This is a first in series of posts focused on my experiences and thoughts on the first annual New York Anime Festival, which took place on Dec 7-9, 2007.
They were loud, screaming to each other in the small hallway. They were annoying, complaining on-and-on about how one anime character was not nearly as cool as another. They were rowdy, running in the hallways and “glomping” complete strangers. I felt like just telling them all to calm-the-f***-down!
But then I realized they were otaku kids. That’s what they do. This was their chance to be away from school and just goof off with their buddies, blow off that teenage angst and whatnot. I remember what it was like to be like that.
But if I can realize this and still be annoyed by their wild behavior, then that must mean… that must mean…
I’m getting too old for this!
Sure, I’m only 23, but half-a-year of the post-graduation life has put me way beyond the level of these kids. I’m doing a 9-to-5, paying rent, and I simply do not have the same energy I did before. Not that there’s really anything wrong with that. There’s no way in hell I would ever go back to the life of studying and exams. But looking around at my fellow convention attendees, I felt that there was no way I could ever consider them “peers” of mine.
Am I past my prime when it comes to going to anime conventions? Was I starting to become one of those guys?
I have always been fully aware of the creepy older people that would show up to these events. They were typically male, over weight, and balding with grey hair. Most of them would be carrying a tripod and camera, and snapping off shots of the underaged girls in sexy cosplay. How completely sick and pathetic! There they were, sticking out so much among the youth. l just can’t help but to be disgusted by them.
Was I turning into one of those guys? Was my presence at these cons starting to become creepy?
This realization really put a damper on my MangaNext experience, and it was a real fear I had going into the NYAF.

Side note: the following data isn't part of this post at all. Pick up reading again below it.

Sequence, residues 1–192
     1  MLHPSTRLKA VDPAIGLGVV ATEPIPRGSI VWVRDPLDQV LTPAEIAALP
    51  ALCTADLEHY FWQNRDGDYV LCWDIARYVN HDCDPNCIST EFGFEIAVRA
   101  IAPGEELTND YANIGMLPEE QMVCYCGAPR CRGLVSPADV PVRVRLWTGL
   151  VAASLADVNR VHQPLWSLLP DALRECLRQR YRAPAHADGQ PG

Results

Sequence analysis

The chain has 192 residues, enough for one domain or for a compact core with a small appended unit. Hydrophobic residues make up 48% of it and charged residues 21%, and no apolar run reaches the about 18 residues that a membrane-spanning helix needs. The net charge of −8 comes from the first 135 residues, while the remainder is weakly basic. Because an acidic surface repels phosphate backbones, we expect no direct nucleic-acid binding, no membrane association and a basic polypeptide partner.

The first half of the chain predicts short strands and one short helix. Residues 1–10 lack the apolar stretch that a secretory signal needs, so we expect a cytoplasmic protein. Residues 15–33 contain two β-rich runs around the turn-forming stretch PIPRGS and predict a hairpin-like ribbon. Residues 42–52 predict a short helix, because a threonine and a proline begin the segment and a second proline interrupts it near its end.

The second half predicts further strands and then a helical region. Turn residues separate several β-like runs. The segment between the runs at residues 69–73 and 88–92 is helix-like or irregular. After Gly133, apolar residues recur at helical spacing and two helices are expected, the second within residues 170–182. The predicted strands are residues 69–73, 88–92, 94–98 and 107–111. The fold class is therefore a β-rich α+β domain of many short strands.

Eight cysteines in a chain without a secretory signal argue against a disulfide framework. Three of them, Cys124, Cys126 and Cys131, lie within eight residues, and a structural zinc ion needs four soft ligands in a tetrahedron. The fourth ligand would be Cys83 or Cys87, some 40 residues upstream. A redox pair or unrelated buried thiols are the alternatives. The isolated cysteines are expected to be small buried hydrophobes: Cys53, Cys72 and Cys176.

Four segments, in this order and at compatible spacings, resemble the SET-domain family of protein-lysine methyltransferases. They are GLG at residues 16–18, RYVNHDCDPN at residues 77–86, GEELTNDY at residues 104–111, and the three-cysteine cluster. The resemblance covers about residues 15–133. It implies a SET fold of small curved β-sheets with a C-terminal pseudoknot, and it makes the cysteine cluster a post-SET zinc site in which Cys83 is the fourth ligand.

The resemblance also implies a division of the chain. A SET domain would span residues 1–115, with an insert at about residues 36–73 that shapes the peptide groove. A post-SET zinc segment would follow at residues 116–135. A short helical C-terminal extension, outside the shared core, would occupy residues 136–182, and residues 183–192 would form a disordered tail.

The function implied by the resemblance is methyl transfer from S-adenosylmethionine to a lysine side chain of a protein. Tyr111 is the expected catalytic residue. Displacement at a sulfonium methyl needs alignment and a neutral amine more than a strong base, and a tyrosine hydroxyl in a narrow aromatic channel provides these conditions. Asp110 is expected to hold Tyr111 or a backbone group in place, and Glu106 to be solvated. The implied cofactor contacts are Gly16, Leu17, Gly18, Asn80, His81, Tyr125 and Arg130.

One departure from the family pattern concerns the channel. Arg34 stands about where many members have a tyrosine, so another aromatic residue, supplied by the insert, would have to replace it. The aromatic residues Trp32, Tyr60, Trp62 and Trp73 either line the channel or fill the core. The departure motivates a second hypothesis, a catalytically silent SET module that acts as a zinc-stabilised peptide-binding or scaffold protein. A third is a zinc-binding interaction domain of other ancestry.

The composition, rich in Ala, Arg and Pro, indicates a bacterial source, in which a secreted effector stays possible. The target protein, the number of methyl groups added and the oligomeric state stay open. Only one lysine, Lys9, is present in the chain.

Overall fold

I did take a vacation day for the NYAF and attended the convention when it opened on Friday. My friend was not going to be able to come with me that day because she was still in college and had an exam to take. In a way, this should have been a good indication of things to come.
Even though it was a much larger convention, I didn’t feel nearly as overwhelmed as I did at MangaNext. I was able to walk around the entire floor with no problems. There was no running, no screaming, no glomping, just a peaceful and enjoyable experience. And I know just why that was:
There were no kids!
It was a Friday, a school day. All the kids were still at school! The attendees that were able to show up were all adults like me. Most of them were professional journalist, writing for the Anime News Network or Publishers Weekly. But others were just hobbiest, taking in the panels and discussions without the flood of attention craving youngsters. I ended up having some serious discussions with the other attendees.
The kids came on Saturday and Sunday, but I knew to stay away from the general hallway and stick with the professional media at the panels. This is where I felt more in my place. I loved this audience. These were finally the folks that I could call my peers.
With the social awkwardness that you often find in otaku, you can see how easily one would lose sight of what’s appropriate and not-appropriate for their age. There’s not a more pathetic scene than the balding overweight man being surrounded by hyperactive teenagers. But there is still a place for adult anime fan in the convention scene without it being creepy. Stick with the professionals as the discussion panels. They actually do talk about very interesting things that will keep away the ADD youngster.
And please, never ever go around taking photos of underaged girls in sexy cosplay… that’s still very wrong on so many levels.
::shutters in horror::